“But besides that … I’m really going to try to follow the guidelines, follow the rules, just so we can have a season.”

Toohill, a seventh-round draft pick, has little room to wiggle. Top pick Jalen Reagor has a longer leash, but he said that he will stay at the team hotel in the Navy Yard and be cautious in his interactions.

“Making sure the people I do put myself around, that they’re not harming me,” Reagor said last week. “It’s pretty easy. I’m a home guy anyway, so being in a hotel, that’s fine with me.”

Pederson said that veterans have the option of staying at the team hotel. It’s unclear if it’s only for camp and how many made that choice. It’s likely most will elect to stay at their own homes, especially those with families.

But most players aren’t married or have children. Young men can be prone to carelessness, and it would be natural for professional athletes to have a sense of invincibility. Still, most NFL players have gotten this far because of a strict adherence to discipline.

“You’ve got to be a professional 24/7, not just when you’re in the building, but how do you take care of yourself out of the building and be smart and handle your business?” Eagles quarterback Carson Wentz said last week. “We really are all in this thing together. We say that all the time, it’s kind of the cliché thing, but it has a little different meaning this year.”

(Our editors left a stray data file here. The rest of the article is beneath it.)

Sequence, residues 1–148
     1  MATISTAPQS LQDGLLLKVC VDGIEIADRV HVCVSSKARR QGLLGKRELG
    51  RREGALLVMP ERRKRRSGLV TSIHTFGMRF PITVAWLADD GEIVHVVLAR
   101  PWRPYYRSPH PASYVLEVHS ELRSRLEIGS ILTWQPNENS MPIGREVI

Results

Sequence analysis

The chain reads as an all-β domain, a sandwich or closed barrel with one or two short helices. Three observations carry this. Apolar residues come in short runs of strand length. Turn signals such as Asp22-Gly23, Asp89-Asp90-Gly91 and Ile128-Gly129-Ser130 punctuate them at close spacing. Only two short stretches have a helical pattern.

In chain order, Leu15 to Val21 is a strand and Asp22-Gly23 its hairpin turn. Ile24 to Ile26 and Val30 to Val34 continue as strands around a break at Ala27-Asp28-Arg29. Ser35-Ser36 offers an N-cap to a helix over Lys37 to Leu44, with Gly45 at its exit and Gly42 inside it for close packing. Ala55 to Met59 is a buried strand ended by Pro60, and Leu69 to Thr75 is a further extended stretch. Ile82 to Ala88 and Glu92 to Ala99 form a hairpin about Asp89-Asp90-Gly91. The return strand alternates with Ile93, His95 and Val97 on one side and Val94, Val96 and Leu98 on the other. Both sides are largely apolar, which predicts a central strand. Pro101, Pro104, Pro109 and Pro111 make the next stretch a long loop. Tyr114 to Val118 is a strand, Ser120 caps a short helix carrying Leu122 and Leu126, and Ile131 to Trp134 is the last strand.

Three Eagles — tackle Lane Johnson, linebacker Nate Gerry and tackle Jordan Mailata — have already been placed on the reserve/COVID-19 list. Johnson confirmed that he had tested positive but said he had no symptoms as of Wednesday.

Wentz spoke of team leaders policing others, but even if the Eagles are to avoid further cases through camp, the season offers its own challenges once games begin. The Miami Marlins’ outbreak showed how one domino falling is bound to affect another. And baseball has far less contact than football.

Pederson, despite his personal experience, doesn’t seem inclined to take more cautious measures. He said that the Eagles had no plans to quarantine Wentz full time even though two starting quarterbacks — the Lions’ Matthew Stafford and the Jaguars’ Gardner Minshew — both went on reserve/COVID-19 last week.

The Saints were reportedly planning to self-quarantine the team — specifically Tier 1 and 2 individuals — during camp. New Orleans’ Sean Payton, who was the only NFL coach before Pederson to test positive for the coronavirus, preferred to use the term “sequester” rather than “bubble.”

Nevertheless, Pederson said that the Eagles will continue as is. He spoke of being a “kind of an ambassador” to “educate our team on how to protect ourselves outside the building.” But Pederson, for the most part, seemed unfazed by his setback and undaunted about the NFL season.

“My confidence hasn’t changed at all. I’m extremely optimistic,” he said. “I feel like we’re going to play; I’m confident that we are going to play.”

That makes one.